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04-15-2011, 08:05 PM   #1
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Rocket Photography

Hey everyone,

I've been trying to look for tips around this forum concerning model rocket photography with no success. I'll be in the desert tomorrow for the launch of about 20 model rockets, each equipped with motors that will fly the rockets at around 400-600 ft/s, with apogee being at around 4500 feet. I'll be taking a K-x with a Tamron 70-300mm lens with me, since we have to be pretty far away prior to launch. My goal is basically to catch at least 1 photo of the rockets mid flight while the motor is still firing. I only have about a 4 second window to catch the shot, so I want to get it right. What shutter speed should be appropriate and what focusing mode should I use? It should be pretty bright in the desert, so shutter speed probably wont be an issue, but I think continuous autofocus might be completely useless at the speed the rockets will be going. Any tips towards catching the rockets mid flight and in focus?

04-15-2011, 08:29 PM   #2
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I would think you would need as fast a speed you can manage with the available light and the lens you intend to use. I haven't been around a model rocket since my school days, but I think your hit rate for catching one going up may be a little low.
If you can manage it, try to co-ordinate with the person pressing the button.
I prefer manual focus, so personally I would try manual focus with either burst or continuous shooting.
Hopefully the weather and the light works out....
04-15-2011, 08:42 PM   #3
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I'll probably try to get the fastest shutter speed I can while still having enough light, and will probably just focus on the launchpad while burst firing. I'd like to get an apogee shot, so I'd somehow have to quickly turn on autofocus, loosen my tripod, and aim up (and find the rocket, too). I don't think that will turn out too well...
04-15-2011, 08:46 PM   #4
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You will need to get them within maybe 50 feet after launch. Manually focus ahead of time at the general distance as autofocus will be useless. If you can get reasonably close (10's of feet) you can pan with the rocket as it lifts off. If you are farther away it won't really matter.

You are not going to get a meaningful shot of a rocket at 1,000 feet, much less 4,500. Those must be some large rockets.

04-15-2011, 08:47 PM   #5
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Manual focus and continuous shooting. It shouldn't be too hard to get pictures at lift off if you start shooting a bit prior to ignition.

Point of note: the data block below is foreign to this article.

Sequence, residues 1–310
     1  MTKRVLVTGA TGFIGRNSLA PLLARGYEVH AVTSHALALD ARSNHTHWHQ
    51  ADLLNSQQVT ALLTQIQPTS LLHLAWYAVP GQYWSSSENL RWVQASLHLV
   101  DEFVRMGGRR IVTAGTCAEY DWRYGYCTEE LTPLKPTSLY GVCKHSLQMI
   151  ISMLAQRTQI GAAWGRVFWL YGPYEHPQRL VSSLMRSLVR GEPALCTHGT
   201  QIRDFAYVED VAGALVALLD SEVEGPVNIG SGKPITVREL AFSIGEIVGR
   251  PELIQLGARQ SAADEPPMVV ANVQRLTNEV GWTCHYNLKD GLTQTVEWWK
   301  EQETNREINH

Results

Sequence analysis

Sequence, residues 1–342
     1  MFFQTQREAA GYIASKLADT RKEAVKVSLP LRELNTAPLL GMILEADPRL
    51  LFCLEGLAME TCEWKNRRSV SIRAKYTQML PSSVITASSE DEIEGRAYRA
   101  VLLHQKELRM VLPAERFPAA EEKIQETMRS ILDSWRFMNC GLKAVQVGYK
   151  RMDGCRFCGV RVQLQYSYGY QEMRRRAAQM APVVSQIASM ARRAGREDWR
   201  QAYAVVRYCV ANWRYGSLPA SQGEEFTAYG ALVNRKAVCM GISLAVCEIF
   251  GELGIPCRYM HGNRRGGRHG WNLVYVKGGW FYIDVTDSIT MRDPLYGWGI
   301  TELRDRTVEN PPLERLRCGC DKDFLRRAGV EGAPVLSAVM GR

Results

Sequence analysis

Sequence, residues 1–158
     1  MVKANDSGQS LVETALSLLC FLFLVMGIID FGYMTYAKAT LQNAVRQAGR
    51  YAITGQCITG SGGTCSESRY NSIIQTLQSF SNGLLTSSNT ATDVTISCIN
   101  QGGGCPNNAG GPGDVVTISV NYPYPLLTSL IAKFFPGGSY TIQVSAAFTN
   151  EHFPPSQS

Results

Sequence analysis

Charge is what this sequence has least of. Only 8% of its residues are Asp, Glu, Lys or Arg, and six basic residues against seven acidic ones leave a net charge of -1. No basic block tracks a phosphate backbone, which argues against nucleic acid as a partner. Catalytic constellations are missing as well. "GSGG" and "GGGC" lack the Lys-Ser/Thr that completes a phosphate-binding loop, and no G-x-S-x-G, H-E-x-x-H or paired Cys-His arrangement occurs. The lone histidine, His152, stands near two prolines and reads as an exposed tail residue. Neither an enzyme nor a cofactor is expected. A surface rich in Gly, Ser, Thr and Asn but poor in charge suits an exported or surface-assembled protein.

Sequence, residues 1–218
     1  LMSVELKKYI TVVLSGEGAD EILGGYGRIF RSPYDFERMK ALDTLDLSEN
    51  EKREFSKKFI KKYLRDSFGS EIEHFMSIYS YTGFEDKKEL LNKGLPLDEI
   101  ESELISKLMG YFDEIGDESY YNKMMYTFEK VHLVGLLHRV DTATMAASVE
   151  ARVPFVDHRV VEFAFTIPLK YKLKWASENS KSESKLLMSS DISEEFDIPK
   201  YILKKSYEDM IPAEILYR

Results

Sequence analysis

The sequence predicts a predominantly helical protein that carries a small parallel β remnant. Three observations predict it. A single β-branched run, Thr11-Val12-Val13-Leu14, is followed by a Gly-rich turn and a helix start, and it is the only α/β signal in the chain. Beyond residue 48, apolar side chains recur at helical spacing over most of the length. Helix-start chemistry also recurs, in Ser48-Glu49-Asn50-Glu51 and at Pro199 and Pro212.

The other good option is to follow the rocket in the viewfinder, works best from a distance or when the rocket has gained some height.

It does take some practice, though!

Here are some examples I took with a manual focus zoom and the *istD!

Rockets in Scottsdale, Arizona
04-15-2011, 09:29 PM   #6
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Sounds like fun Hang,kind of a tough one tho,agree with "K" and Ole.Their approach
sounds like best bet.At apogee,as close as you'll be is 4500 feet and thats directly
underneath.Say you use a tripod preset at 45 degrees to catch moment there
is no up/down motion,you would have to stand off 4500 x 1.4(cosecant
45 degrees) or 6300 feet.(theoretical mid frame shot at apogee with camera at that angle) Long way to shoot,no doudt.
K-X is wonderful with high iso shots which you might want to increase because pointed
up you'll probably need some +(positive) exposure comp to render any detail and color,and still have fast,motion stopping shutter speed.
04-16-2011, 01:28 AM   #7
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Thanks for all the suggestions! Ole: the rockets we'll be launching are about 4 times the size of those . I guess I won't be looking forward to an apogee shot then. I'll check back if I get any good shots.
04-16-2011, 09:12 PM   #8
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Once they've cleared about 100ft they're moving so fast it becomes extremely difficult to get clean shots.
After a couple launches you can start to get accustomed to the timing of the launch crews and anticipate the lift-off shots.

Use a tripod, manual focus, shoot wide and be ready.

05-03-2011, 03:47 PM - 1 Like   #9
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checking back in

Hey guys! Just checking back in with some of the photos I took thanks to your help.

I ended up using a shutter speed of 1/3200 with AF.C so I could catch the rockets on descent. AF was turned off during launches.

Maximum rocket height was just about 1000 meters, so the rockets were unfortunately tiny.

Here are some of my favorite launches:

I'm really getting a great bang for the buck with the Tamron 70-300.
05-04-2011, 03:42 AM   #10
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Look good to me....
05-05-2011, 04:03 PM   #11
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I like the last shot. Must be one of them diesel powered rockets.
Well done.

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